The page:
Seeing the neighbourhood from a child’s perspective Reply

by Samuel Jones

Child's perspective

When a child leads the way, a neighbourhood takes on a new perspective. Image by Niels Linneberg used under Creative Commons licence

What would happen to Redfern without children? That’s the question being asked by The Walking Neighbourhood, a project that’s running guided tours of Redfern with a difference; the guides are children.

The Walking Neighbourhood was conceived by Lenine Bourke, who has collaborated on artistic projects with diverse communities and young people for over 15 years. It premiered in Brisbane in 2012 and has expanded as far as Finland and Korea, before coming to Sydney. The tours showcase Redfern through a child’s eyes, highlighting local landmarks that are important to them.

The Walking Neighbourhood, produced for Art & About Sydney, is part of this year’s Sydney Fringe Festival. The event is promoted as “proving that there are ways for children to feel safe while being out in public, walking, meeting shop owners, pedestrians, and developing a sense of themselves”.

A guided tour of a prominent inner city suburb may sound like an unusual way to spend a warm spring day, but at least 50 people have arrived to take the afternoon’s tours. Each one starts and ends at the 107 Projects, a new multidisciplinary arts space in the heart of Redfern, funded by the City of Sydney’s Accommodation Grant Program.

Project Manager Jennie Bradbury has seen the benefits of the program, in particular for the children. She says conducting the tours gives the children “confidence and helps them to stand up for themselves”.

Ms Bourke agrees. “The majority of children feel more confident in their ideas, speaking to an audience, walking around busy roads and more comfortable talking to adults and strangers,” she says, adding that “the Redfern kids are a savvy group.”

At the 107 Projects, participants are treated to a didgeridoo performance before being introduced to the guides, and invited to take part in activities devised by the kids. These include naming the superpower they’d most like, such as flying, invisibility and x-ray vision. The introduction concludes when participants select which tour they’d like to take, each one is unique and mapped out by the child.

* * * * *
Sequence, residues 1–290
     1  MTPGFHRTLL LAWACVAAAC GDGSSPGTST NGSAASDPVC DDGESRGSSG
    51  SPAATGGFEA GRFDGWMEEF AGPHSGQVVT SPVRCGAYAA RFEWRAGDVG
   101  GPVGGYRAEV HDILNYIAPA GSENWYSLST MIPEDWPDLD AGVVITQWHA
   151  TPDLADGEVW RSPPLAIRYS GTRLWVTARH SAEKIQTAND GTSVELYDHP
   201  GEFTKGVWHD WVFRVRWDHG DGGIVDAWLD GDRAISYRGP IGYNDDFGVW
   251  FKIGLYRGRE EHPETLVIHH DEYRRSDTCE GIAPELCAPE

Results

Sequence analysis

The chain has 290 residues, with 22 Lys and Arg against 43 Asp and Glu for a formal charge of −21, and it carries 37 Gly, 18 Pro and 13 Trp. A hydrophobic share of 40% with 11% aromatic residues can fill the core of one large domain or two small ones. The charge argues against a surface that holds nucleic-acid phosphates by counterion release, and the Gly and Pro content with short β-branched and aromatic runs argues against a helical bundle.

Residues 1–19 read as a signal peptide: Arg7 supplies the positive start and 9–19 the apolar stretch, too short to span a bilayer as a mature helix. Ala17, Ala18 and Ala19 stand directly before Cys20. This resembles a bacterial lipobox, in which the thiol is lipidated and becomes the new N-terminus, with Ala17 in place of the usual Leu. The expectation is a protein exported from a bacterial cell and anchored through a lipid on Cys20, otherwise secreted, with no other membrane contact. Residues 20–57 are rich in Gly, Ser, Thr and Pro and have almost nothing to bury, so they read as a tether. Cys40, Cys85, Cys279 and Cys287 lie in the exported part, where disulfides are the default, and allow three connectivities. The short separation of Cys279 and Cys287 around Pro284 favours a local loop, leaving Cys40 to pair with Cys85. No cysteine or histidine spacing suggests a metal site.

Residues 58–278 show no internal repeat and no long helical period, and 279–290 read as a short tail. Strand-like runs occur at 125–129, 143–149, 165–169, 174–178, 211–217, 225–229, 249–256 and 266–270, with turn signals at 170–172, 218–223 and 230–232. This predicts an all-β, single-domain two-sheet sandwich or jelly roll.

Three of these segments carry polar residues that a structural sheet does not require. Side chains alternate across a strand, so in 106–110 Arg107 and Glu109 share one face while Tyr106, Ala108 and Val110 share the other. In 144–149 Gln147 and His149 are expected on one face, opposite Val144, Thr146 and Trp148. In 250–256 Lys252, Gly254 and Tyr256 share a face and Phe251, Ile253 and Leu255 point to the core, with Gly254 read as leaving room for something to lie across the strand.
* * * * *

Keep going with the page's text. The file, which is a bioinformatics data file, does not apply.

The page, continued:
Many participants elect to follow boisterous 12-year-old Liam, who marches about the place with a flag spruiking his tour. Liam has lived his whole life in nearby Waterloo and this was the fourth time he’d run this particular tour.

Setting out, he outlines the ground rules for the group with practised efficiency, before beginning a steady stream of banter. “Everyone please hold hands,” he says, as the group prepares to cross the road. He also draws smiles as he regularly finishes his routines by saying, “if you’ll kindly follow me”.

An interesting aspect of the tour is that passers-by hardly notice a 12-year-old leading a tour. Ms Bradbury acknowledges that this is indicative of the popularity of the program and how it has been supported by the local community.

Ms Bourke says “many of the local residents participated in a walk, or were encouraging from the sidelines with very positive things to say about the leadership shown by this amazing group of children”.

Liam takes the group past local landmarks like Redfern Oval, which he enthusiastically points out is where the South Sydney Rabbitohs train. However, he also points out things that many adults would be oblivious to, such as a mulberry tree with its edible fruit, his school Our Lady of Mount Carmel, and the local supermarket. The participants also embrace their inner child by enjoying a Mintie hunt through a local playground.

Some of the sights may seem trivial at first, but when seen from the child’s perspective their importance becomes more apparent. The school is obvious, but what about the supermarket? Well, where else does a kid get lollies after school?

 

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